According to the Global Footprint Network, the Ecological Footprint is “the metric that allows us to calculate human pressure on the planet and come up with facts, such as: If everyone lived the lifestyle of the average American we would need 5 planets.” There are several footprints currently being measured, carbon and water, for example, and we are encouraged to measure our own personal footprint and to reduce the size of our footprint, “to tread more lightly on the earth.”
Maybe poetry does not have a footprint, but a handprint. A print that shows who was here, and this is what they saw, what they heard, what they tasted, what they touched and felt, what they smelled. But also, what they and those close to them thought about this sensorium of experience, how they responded, how they changed, what they promised and what they betrayed, how they might have wronged and how they might have been forgiven. To do all of that, poetry needs a wide spectrum of possibilities. Some of these possibilities might lead listeners, readers, away from well worn paths, into uncharted waters, rough seas, or lulls, or blank spaces with no echo. Other possibilities might lead readers back into cities with crowded sidewalks, or into libraries full of musty, dusty books. Or into parks, or taverns, or beaches, or mountains and lakes and rivers, or nurseries or old folks’ homes, or orphanages or prisons, or churches or corporations, or onto ships or bicycles or cars or helicopters or surfboards. The point here is that any of these possibilities, for any individual listener, might wind up a dead end, but it can’t be wrong if it widens the spectrum, for the wider the spectrum, the greater the possibility of poetry.
I sometimes wonder if human nature improves over time. In other words, are we better than our ancestors? We might like to think so. Technology and medicine, the comforts of modern housing and transportation, what we call advancements and improvements resulting in higher standards of living might lead us to think we are smarter, more accomplished, in a word, better than our ancestors. But what of our essential nature? Has that improved? Does it improve? Can it improve? I have doubts. I think we’re probably the same inside as we’ve always been. It’s the same old heart beating in the same old chest.
In any case, what inspires this post is another skirmish posted in the poetry war, an internecine, academic argument. I’ll just point to David Biespiel’s response over at the Rumpus, and interested readers can follow the trail-links from there. Like most wars, it’s sometimes hard for an outsider to get what it’s all about, but like most fights, this one’s about territory and who’s to have the final word. But it’s also about values, what we value in poetry, and whose values ought to prevail. It might be important to remember that what we value is not necessarily what’s good for us. What we value is simply what we want.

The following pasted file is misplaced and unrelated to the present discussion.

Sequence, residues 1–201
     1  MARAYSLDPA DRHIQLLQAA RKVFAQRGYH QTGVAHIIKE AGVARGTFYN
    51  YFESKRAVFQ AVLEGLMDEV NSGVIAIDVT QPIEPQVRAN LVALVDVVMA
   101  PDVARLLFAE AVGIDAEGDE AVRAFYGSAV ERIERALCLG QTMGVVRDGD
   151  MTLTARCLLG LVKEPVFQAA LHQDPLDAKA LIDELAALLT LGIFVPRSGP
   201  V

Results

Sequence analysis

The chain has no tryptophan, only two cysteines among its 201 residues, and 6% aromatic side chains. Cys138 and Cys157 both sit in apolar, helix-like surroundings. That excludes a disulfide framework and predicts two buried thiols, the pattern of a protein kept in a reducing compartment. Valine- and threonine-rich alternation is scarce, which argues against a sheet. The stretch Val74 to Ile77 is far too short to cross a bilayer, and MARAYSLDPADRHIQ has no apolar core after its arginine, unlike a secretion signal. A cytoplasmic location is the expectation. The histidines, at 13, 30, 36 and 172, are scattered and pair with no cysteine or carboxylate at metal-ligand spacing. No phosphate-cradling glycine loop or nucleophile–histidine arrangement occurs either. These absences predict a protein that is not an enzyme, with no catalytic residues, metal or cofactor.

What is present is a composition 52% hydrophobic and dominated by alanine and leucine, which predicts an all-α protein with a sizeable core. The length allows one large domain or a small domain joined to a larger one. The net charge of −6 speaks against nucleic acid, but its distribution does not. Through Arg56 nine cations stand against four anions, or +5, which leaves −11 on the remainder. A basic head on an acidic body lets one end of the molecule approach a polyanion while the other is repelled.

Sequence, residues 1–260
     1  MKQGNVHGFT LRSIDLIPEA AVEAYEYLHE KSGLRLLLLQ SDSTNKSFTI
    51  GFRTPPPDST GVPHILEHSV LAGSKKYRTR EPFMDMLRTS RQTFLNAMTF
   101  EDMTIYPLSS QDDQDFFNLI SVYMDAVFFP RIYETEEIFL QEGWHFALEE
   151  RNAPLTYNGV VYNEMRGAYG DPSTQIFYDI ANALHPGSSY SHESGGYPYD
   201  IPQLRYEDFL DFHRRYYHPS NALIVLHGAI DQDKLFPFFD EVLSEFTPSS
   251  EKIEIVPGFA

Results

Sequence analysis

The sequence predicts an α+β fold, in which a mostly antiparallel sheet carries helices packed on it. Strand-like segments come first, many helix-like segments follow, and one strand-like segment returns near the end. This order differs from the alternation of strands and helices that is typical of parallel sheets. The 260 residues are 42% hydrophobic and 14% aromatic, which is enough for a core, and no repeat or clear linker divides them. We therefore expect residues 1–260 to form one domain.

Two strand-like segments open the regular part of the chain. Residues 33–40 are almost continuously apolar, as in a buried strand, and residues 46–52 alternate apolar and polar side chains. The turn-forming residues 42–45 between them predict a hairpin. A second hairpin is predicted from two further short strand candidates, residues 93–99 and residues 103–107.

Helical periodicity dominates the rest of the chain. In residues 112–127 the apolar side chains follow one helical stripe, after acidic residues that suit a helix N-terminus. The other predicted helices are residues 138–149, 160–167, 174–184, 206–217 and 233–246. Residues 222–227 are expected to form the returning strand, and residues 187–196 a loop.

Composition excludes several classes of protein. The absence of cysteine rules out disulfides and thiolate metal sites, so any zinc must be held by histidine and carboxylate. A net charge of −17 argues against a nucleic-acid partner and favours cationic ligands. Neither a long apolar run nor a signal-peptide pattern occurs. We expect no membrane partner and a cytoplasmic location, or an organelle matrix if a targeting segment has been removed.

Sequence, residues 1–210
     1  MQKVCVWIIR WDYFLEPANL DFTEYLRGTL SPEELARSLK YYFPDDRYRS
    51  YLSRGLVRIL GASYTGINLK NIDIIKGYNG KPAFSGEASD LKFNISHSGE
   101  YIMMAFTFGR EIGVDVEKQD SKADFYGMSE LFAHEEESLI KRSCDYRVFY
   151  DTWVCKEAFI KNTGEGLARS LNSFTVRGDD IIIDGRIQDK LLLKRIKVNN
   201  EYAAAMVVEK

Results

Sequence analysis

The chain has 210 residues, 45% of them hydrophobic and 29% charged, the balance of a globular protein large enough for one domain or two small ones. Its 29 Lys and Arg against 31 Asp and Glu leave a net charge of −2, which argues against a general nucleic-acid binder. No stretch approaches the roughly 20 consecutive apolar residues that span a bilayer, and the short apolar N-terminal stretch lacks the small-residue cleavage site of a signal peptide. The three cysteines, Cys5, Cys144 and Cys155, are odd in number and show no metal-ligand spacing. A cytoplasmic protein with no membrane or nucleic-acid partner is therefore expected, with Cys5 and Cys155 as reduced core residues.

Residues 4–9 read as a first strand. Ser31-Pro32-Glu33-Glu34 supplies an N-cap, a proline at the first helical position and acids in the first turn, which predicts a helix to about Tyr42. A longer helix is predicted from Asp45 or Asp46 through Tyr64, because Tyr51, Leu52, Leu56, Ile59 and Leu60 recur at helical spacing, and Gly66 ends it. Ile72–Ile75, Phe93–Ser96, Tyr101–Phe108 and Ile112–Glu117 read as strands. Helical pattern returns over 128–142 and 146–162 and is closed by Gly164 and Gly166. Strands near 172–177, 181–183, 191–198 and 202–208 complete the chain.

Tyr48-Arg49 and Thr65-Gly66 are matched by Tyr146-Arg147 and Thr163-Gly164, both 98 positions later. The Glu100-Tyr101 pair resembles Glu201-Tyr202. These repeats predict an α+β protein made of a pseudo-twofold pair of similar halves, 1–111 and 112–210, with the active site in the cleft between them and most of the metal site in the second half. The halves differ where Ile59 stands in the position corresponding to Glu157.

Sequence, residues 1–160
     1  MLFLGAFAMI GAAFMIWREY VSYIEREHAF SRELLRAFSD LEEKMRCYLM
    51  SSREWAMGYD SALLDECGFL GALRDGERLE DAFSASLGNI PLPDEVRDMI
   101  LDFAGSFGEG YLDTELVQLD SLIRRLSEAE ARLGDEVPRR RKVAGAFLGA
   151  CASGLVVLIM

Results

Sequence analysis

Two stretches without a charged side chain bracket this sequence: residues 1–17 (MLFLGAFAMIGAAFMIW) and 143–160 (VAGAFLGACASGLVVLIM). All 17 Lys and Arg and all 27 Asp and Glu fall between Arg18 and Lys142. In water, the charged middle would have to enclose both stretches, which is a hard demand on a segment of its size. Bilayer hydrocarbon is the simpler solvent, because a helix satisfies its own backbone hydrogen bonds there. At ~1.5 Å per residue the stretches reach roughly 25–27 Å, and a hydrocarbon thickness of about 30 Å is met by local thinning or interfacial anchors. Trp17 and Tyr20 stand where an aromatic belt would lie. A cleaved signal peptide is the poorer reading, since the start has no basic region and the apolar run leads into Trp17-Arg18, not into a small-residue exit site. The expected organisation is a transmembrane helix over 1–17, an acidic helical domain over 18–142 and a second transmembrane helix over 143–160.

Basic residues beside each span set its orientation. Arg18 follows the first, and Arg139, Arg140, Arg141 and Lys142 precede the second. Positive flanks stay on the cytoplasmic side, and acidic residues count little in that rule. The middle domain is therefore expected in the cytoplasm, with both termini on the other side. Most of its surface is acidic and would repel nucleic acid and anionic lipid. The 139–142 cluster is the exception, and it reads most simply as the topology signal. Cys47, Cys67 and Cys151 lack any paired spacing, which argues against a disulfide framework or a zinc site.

There is something about poetry to value, to want, that is relevant to the discussion. One of my favorite books of poems is “Paroles,” by Jacques Prevert.* Prevert lived in Paris during World War II, during the German occupation. Writing in 1964, Lawrence Ferlinghetti, in his translator’s note introduction, said, “I first came upon the poetry of Jacques Prevert written on a paper tablecloth in St. Brieuc in 1944…a poetry (his worst critics will tell you) which is perfectly suited to paper tablecloths, and existing always on as fine a line between sentiment and sentimentality as any that Charlie Chaplin ever teetered on.” That “perfectly suited to” is important, for it values a poem for its success in achieving its purpose. Even if we might think the purpose is bad, it can still be a good poem. This is a sentiment many critics find difficult to stomach, but it’s vital to the health of a wide spectrum of poetic possibilities.
But there’s another reason I like Prevert, and that has to do with the idea of sitting out at a sidewalk cafe table writing a poem on a paper napkin, not even a paper tablecloth, a poem someone might read, or no one might read. Poetry was a way out of oppression for Prevert, and poetry remains a tool today for release from the natural malaise that comes from everyday life, even if that release is only temporary, and even if that malaise is from human pressure. The release comes in the act of writing the poem, not from the possibilities of someone else reading it or of having it published or some fantasy of poetic fame, but from the existential act that says, I am here, and this is what that means, for now. The act of poetry leaves a tiny Ecological Footprint. That sidewalk cafe napkin poem might be a good way to “tread more lightly on the earth,” even as it adds to the size of the poetry footprint.
*Jacques Prevert’s “Paroles” is Number 9 in “The Pocket Poets Series,” first published in the City Lights Books edition in July 1958, in San Francisco. I have the Sixth Printing, February 1968.
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Wish I had been part of this discussion when it happened but I was then not yet born to the blogosphere. Yet I have read my way through what the tide has since obscured. I now find writing bad poetry serves the purpose of being brief and staying honest even if that honesty is only for the day.
I like the idea of poetry as an ecological foot/hand print, and there’s certainly an evolution in which successful forms have stamped huge prints in the literary strata, only to disappear almost completely. It’s up to the small, clever mammals hiding in the undergrowth to keep poetry diverse and evolving.
Great comment! “…only to disappear almost completely.” Words washed away by the incoming tide, ashed away by some new critical firestorm. “…the small, clever mammals hiding in the undergrowth….” Yes, diverse and evolving, as language does evolve. Poetic biodiversity. Yet how many languages go extinct everyday? And what will happen to the bees? What’s a poetry without honey?